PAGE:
WASHINGTON: Bush shelves report on bilingual education

True to its policy of never letting facts get in the way of politics, the Bush administration announced Aug. 24 that it will not publish the conclusions of the National Literacy Panel regarding bilingual education. The administration commissioned the panel in 2002 to take “a good, hard look at existing research” on bilingual education.

The panel of leading educators from across the country found that non-English speaking children learn best when taught in both English and their own language.

Republicans have spearheaded ballot initiatives in many states for “English Only,” which eliminates bilingual education in public schools.

“A lot of us have applauded the secretary of education and the White House science adviser for pushing higher quality experimental designs in education, so now we can test school reforms in the same way we test drugs or food additives,” said Professor Bruce Fuller of the University of California–Berkeley. “But even after we meet these high standards, the administration doesn’t necessarily listen.”

James Crawford, executive director of the National Association for Bilingual Education, charged that the panel’s conclusions are “politically inconvenient.”

The panel said it will publish its findings independently.

LEXINGTON, Ky.: Families hit by public school textbook fees

The financial crisis in school districts around the country means high local taxes, school closings and slashed programs. Here in Lexington, families pay a yearly rental fee for public school textbooks, labs, lockers and computers.

As Judy Cavagnero prepared her daughter to go back to school, she received a bill from Paul Dunbar High School. Cavagnero had to pay $64 in rental fees for books, $5 for a locker, $5 for science lab and $5 for computer use at school. “We don’t qualify as poor but we don’t have that kind money floating around,” she said. “Public education has now become private education if we have to pay this ourselves.”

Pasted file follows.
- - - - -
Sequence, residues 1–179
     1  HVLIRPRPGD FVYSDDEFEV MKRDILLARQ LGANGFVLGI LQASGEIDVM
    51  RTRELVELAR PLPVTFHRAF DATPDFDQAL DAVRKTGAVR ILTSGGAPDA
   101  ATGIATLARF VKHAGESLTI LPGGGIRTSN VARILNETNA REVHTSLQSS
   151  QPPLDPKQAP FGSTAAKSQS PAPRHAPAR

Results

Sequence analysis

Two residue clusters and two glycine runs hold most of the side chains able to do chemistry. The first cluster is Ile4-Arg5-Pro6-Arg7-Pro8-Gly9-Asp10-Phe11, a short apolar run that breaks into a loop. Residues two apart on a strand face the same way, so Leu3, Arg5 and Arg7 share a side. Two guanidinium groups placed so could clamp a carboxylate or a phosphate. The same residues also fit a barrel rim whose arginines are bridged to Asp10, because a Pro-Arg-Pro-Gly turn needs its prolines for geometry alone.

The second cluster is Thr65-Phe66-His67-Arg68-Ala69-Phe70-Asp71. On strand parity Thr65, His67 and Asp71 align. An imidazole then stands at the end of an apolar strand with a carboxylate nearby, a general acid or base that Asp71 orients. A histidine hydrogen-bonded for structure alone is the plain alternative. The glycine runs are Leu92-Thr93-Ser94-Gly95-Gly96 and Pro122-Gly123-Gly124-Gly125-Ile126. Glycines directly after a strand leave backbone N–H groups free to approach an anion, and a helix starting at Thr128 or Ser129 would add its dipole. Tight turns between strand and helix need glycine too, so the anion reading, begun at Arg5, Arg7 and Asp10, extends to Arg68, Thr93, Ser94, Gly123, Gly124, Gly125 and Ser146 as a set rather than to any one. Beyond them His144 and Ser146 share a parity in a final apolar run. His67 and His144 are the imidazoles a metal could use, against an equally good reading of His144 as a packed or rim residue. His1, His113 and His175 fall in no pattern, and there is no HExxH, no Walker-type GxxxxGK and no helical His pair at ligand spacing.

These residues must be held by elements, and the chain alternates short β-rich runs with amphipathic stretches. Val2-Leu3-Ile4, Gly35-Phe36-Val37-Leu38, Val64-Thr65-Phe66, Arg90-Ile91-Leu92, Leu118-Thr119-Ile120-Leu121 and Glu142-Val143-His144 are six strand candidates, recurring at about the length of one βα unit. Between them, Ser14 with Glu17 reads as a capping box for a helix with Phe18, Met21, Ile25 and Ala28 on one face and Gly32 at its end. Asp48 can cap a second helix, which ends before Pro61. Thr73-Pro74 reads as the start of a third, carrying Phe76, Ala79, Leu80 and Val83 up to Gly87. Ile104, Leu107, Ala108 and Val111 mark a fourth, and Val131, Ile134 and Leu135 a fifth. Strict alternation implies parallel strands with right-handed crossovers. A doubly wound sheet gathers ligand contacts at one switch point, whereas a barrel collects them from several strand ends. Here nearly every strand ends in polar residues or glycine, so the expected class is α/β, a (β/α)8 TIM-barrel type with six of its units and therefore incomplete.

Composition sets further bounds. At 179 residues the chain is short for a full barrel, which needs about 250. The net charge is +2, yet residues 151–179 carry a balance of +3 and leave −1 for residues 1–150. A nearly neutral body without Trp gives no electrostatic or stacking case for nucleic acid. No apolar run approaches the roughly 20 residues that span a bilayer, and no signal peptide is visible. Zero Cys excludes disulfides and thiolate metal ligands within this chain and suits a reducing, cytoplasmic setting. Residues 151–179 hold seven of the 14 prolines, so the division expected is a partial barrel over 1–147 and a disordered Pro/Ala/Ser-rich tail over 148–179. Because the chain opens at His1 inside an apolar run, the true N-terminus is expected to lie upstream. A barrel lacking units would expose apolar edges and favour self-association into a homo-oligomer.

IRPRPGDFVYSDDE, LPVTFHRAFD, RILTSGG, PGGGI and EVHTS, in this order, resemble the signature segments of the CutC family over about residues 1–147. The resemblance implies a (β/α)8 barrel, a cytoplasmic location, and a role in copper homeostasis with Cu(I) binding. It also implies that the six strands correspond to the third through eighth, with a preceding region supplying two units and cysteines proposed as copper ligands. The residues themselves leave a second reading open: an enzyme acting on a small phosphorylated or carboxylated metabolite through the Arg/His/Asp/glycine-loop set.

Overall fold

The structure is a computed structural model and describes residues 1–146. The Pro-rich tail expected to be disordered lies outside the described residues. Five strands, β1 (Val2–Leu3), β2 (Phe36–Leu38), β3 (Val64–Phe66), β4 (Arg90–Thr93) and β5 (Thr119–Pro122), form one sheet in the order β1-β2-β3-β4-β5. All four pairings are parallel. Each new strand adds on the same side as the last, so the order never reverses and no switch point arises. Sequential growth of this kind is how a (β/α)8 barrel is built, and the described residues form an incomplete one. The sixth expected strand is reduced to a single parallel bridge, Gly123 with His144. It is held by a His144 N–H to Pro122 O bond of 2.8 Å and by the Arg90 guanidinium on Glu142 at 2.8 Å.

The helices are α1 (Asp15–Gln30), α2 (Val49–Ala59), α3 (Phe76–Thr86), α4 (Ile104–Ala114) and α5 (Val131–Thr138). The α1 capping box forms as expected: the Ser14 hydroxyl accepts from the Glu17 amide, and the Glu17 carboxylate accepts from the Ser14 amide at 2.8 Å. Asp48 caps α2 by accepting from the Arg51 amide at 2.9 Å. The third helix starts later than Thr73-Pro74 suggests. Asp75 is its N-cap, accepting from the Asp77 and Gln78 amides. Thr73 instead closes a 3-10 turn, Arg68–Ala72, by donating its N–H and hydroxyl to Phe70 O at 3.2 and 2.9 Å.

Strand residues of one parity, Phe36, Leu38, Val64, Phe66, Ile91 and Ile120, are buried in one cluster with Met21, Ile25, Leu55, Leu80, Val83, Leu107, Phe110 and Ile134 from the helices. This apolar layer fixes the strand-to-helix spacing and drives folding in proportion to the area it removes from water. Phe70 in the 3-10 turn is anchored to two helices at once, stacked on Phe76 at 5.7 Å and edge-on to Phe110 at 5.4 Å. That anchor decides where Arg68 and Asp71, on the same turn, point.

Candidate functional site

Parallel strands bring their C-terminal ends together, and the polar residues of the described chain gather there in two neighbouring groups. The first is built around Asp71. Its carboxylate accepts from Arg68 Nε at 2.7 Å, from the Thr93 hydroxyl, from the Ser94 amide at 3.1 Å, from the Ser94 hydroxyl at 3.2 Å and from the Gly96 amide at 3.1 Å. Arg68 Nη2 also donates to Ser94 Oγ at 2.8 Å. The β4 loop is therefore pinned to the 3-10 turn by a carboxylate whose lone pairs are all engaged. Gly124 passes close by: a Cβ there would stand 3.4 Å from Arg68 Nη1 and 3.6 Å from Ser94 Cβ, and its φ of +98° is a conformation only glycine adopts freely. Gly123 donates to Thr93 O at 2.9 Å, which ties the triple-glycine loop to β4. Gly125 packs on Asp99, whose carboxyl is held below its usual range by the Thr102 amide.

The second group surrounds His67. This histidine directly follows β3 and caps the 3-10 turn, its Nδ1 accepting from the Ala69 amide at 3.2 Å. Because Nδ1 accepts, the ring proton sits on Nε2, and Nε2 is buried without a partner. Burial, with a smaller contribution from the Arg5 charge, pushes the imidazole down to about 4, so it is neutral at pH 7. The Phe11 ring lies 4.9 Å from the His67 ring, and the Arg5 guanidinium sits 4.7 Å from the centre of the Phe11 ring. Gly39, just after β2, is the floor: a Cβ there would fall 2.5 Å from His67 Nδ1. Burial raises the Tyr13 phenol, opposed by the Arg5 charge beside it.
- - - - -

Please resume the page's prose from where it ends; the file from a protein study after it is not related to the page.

The Education Commission of the States reports that Kentucky is among 10 states, including Illinois, Indiana, Iowa, Kansas, South Carolina, Utah, Colorado, Washington and Wisconsin, which charge a range of fees.

“People pay so much money to the school board,” said parent Lisa Johnson, who pays a $48 textbook rental fee to Henry Clay High School for her daughter. “Taxpayers pay for textbooks in every which way.”

WASHINGTON: Justice Dept. curbs voting rights in Georgia

Despite a massive civil rights march in Atlanta last month and a dramatic Statehouse walkout by African American lawmakers, the Justice Department Aug. 26 approved a measure passed by Georgia’s Legislature imposing the strictest voting qualifications in the country. No longer will Georgia voters be able to use birth certificates, Social Security cards or utility bills as identification at the polls. Georgia is the only state requiring a photo ID to cast a ballot on Election Day.

Daniel Levitas of the ACLU’s Voting Rights Project in Atlanta said, “The [Justice Department] decision to clear the measure gives Georgia the most draconian voter identification requirement in the nation.”

“It’s not over yet,” said Rep. Tyrone Brooks, chairman of the Georgia Association of Black Elected Officials. “We will pursue litigation in federal court.”

Georgia congressman and civil rights movement veteran leader John Lewis was shocked. “It is unbelievable, it is unreal that the Department of Justice — an agency that is supposed to protect the American public by enforcing the Voting Rights Act of 1965 — is now involved in attempts to weaken the act,” said Lewis.

National Clips are compiled by Denise Winebrenner Edwards (dwinebr696@aol.com).

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